It Is Magically Possible To Work Less And Still Do More!
Working long hours is quite common these days. If your Monday to Friday feels like a constant blow of work and projects without real time for a breathing room, it's because you have too much work or is it because you do not spend your time effectively?
It's easy to spend too much time perfecting or just not focusing enough to pull the task out more than you should. So working longer hours, do you mean you are productive and get many done?
The answer is most likely no. When you work consistently long hours or spend too much time on a task, it is usually a sign that you actually only have too much to do. More importantly, it's a sign you do not spend your time, energy and attention wisely.
The Myth About Working More to Get More Done
Our lives are governed by the jobs, tasks and projects we put ourselves or put into our working environment. When you feel that the amount of things you need to do is getting bigger, our natural reaction is working longer on them to get them done.
How many times have you heard someone tell you in an exasperated way that they spent at. 9-9 in the office who is working on something? Our response is usually one of awe in terms of how hardworking they are to be. But are they really?
Productivity is heard to measure, but if one person spent 2 hours on a task, as another could have completed in half an hour, it is more likely to have done the job unnecessarily.
If you work more to get more done, you'll lose your energy both physically and mentally in the long run and potentially make you become a "workaholic". This leads to the fact that you do not produce the results you need optimally and may end up with feelings of error, demotivation and devastation.
What it Really Means to Work Long Hours
While working for long hours, it seems to be the best way to get things done. In practice, it actually means that you actually have less time to recharge and refocus - two things that are crucial to reducing stress and getting more energy. When we have a lot to do, we often focus on the time we invest in carrying out the necessary tasks, but instead we need to be aware of the amount of energy and focus we invest.
Time is completely illusion when it comes to getting things done. The more time you spend at work, the more it is that the minute-by-minute urgency decreases. But when we have limited time, the more we need to focus and use our energy optimally to get it done. The more you control how much time you spend on a task, the more you can control the energy in an efficient way to get it done. An example of this could be the moments when you wanted to leave these college assignments at the last minute - the time-limited pressure has certainly made you channel a larger amount of energy over a shorter period, so you made it done relatively much faster than usual .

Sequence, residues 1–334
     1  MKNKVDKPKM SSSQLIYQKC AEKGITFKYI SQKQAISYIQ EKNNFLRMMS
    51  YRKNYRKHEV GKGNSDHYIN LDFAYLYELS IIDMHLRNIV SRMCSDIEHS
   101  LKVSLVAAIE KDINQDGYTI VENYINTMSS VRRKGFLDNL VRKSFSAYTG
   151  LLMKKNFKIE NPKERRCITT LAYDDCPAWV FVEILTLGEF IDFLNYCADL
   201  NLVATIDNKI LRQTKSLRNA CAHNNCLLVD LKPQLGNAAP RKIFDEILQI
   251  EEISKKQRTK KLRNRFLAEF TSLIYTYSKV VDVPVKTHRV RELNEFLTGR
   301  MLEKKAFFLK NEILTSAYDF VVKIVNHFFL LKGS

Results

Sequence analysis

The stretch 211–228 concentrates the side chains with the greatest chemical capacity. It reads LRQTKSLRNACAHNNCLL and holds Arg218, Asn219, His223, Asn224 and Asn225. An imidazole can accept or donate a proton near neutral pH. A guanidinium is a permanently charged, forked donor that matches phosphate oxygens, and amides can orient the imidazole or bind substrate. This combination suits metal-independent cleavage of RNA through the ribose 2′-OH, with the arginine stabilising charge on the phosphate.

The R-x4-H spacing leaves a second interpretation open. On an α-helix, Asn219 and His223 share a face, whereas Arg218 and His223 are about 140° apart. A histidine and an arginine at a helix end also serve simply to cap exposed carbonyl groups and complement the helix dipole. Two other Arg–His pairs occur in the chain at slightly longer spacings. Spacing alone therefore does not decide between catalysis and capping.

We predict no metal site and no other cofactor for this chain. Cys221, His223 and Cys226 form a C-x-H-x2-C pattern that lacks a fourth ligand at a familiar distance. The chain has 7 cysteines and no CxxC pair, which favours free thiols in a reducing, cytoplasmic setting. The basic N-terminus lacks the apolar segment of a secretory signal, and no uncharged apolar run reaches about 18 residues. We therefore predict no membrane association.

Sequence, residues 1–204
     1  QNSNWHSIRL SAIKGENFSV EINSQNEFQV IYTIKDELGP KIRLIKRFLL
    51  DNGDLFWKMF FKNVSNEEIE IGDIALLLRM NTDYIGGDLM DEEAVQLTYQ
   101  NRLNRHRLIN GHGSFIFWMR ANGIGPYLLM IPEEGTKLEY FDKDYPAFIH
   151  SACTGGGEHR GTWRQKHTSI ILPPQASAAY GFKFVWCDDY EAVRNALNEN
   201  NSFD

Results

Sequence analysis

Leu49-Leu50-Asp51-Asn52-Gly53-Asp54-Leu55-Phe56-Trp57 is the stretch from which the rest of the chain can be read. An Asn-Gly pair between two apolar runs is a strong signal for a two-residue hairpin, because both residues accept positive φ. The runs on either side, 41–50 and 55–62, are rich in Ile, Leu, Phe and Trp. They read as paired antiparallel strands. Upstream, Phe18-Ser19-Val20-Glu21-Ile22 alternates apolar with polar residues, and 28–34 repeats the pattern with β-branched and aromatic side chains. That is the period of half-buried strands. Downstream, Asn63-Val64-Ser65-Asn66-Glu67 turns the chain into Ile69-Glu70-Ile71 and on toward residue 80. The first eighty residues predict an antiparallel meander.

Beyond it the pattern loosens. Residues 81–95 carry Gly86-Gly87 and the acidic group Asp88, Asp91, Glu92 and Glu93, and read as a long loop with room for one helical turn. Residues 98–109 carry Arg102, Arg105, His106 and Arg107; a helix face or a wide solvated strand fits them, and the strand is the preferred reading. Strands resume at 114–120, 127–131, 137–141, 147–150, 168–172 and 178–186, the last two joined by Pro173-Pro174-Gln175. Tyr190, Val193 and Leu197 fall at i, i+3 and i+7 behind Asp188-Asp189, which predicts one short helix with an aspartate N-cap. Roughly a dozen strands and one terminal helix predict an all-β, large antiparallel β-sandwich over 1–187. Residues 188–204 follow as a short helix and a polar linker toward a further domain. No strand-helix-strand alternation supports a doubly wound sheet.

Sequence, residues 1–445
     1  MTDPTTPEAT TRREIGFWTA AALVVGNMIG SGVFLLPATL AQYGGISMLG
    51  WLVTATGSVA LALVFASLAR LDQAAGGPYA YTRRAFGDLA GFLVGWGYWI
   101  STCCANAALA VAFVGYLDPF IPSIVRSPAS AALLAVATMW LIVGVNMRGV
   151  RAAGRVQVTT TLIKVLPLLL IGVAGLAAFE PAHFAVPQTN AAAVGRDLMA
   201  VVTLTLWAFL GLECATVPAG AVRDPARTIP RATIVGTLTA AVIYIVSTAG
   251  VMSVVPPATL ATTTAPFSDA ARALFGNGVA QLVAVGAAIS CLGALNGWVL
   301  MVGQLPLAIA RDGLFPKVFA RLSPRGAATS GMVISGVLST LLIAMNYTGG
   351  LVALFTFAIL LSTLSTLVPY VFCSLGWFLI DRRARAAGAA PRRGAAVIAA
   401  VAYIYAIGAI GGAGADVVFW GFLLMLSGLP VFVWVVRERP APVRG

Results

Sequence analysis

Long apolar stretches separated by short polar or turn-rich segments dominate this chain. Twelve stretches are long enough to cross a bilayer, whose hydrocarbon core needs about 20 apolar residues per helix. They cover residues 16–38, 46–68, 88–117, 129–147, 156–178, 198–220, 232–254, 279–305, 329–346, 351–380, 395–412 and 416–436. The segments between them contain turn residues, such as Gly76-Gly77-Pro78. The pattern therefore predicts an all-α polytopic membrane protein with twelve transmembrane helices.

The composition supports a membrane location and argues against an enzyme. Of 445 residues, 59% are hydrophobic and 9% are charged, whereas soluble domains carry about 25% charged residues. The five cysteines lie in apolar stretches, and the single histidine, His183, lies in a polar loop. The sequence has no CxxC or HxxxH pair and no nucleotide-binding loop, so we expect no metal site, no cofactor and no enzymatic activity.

The problem that long hours brings is the sense of productivity. Of course, productivity is a good thing, but as Chris Bailey explains in his book The Productivity Project, he tried to lead him to find out that he felt much more productive to work long hours than in shorter outbreak, even though he got the same occupation.
This only shows that busyness does not always correspond to optimal productivity. In fact, productivity is an evasive idea. It's hard to really know how much we achieve each day, but we tend to measure this according to how busy we were. However, it is rarely accurate and can make us think we have achieved more than we could potentially have given a more short and focused approach.
The ‘Less is More’ Approach to Optimal Productivity
First and foremost, when it comes to important tasks, is less more! And so I mean how much time you spend on getting the tasks done. When you do this, there will be a few essential things.
Setting a deadline for yourself motivates you to spend more energy and focus on shorter time.
You create a necessary urgency about the task.
You eliminate many of the procrastination triggers that can occur for long periods of time. This is because you create structure that helps stop the mind bored, frustrated and distracted.
Ideally, you should try to become more aware of your work patterns and productivity levels. As a start, take note of your habits and list which tasks you have completed in a day. Write made how much time it took you to complete each task and use it to reflect on why some tasks took longer than others. Is there a way you could have spent less time completing a task? How could you improve this?
A useful way to keep an eye on the amount of time you spend on things is a productivity tracking app. These automatically monitor your time working on various tasks all on your desk, laptop or mobile device.
Setting deadline reminders for yourself is another way to keep you on track and motivate you to spend your energy wisely in shorter, more focused outbreaks.
So remember to work smart do not work hard. By using our mind optimally means shortening the periods we need to concentrate.
Do not get sucked into believing all the long hours means you've been extra productive. Instead, getting more aware of how to get things done faster with equal efficiency. This will change your life and free more time to live.